The evening's other new work, David Del Tredici's 31-minute "The Ride of Paul Revere," is a dense, humongous, loud, sweet and funny cantata based on the Longfellow poem. Del Tredici, 68, is now a figure in musical history: he has bucked the atonal-music trend in the 1970s with cosmic, tuneful, post-Straussian music, often inspired by "Alice in Wonderland." It was a weird mix, but it worked splendidly. That describes "Paul Revere." The work does almost everything, often with subtle beauty and idiosyncratic wit, or ear-splitting noise.
"Listen my children, and you shall hear/Of the midnight ride of Paul Revere," begins Hendry Wadsworth Longfellow's poem The Landlord's Tale — much better known by its subtitle, Paul Revere's Ride. David Del Tredici has scores a decisive hit with his hew setting for soprano, orchestra, and chorus of this beloved poem. Robert Spano conducted the Atlanta Symphony Orchestra and Chorus in the work's premiere last May, with Hila Plitmann as the soprano, and then recorded t for Telarc. The resulting disc (Telarc 80638), released in October, has earned glowing reviews, and was nominated for a Grammy in 2006 for Best New Classical Composition.
Gramophone magazine designated the disc an "Editor's Choice" selection for December 2005: "[Del Tredici] wrote the work in the aftermath of 9/11, when for the first time in his life, he found himself 'bursting with a feeling of patriotism.' The connection between Revere's heroism of 1775 and that displayed by so many in September 2001 is established in the work's wailing fire sirens, among many other astonishing and vibrant musical elements. It is truly a tour de force, and a piece which, like all great art, reveals more and more of itself upon repeated listenings. Hila Plitmann is the soprano for whom the piece was written, and her amazing vice rivets the listener."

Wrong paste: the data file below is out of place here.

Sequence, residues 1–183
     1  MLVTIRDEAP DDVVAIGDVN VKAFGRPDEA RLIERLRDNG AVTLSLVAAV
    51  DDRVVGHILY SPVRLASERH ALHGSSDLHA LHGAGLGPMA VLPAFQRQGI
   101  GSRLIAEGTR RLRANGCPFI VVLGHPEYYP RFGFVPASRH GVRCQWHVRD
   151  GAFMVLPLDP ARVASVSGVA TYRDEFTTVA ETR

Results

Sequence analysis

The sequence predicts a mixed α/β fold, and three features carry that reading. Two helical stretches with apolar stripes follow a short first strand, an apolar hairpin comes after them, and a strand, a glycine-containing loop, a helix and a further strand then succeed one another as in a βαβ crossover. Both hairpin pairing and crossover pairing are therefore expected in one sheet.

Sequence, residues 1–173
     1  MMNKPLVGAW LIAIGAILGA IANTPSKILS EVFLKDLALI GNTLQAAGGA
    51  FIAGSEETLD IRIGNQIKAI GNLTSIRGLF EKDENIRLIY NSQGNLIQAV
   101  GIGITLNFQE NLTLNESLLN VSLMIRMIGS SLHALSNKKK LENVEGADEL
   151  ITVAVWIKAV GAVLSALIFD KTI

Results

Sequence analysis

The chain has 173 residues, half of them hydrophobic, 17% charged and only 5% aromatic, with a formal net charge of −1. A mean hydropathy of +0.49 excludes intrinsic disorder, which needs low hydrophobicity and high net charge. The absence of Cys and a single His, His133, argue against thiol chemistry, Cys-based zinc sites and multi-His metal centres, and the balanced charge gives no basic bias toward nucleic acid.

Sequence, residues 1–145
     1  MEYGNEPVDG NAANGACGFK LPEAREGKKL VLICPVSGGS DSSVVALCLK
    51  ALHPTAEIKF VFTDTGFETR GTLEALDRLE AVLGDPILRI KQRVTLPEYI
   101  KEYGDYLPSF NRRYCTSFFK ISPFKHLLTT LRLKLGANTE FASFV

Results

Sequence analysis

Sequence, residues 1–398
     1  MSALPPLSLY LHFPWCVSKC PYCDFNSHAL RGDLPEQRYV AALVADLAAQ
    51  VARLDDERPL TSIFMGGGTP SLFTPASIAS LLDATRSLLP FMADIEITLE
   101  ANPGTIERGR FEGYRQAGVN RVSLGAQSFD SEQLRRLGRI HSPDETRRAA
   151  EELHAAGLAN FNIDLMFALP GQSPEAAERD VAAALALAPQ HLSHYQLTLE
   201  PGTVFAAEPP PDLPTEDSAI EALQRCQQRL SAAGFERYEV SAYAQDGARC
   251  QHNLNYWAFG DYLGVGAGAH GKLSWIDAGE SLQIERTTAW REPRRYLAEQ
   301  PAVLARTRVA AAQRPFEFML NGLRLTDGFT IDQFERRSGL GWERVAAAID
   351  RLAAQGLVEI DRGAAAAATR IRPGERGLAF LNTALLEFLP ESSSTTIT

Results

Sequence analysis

The other premiere given on the same night was by David Del Tredici, who found himself on that fateful day of September 11, 2001 watching the horror from Greenwich Village. His was suddenly infused with flag-waving ardor, and he even found himself angry with any windows he saw that were not sporting American flags. He had been thinking of setting Longfellow's poem Paul Revere's Ride for a rather small female chorus, but realized that the poem was far too massive for those forces. When Robert Spano, who was programming the composer's Ecstatic Alice in Atlanta, heard about the possible composition, he said "I want it!", and Del Tredici agreed. Hence came into being Paul Revere's Ride, surely destined to become an American classic.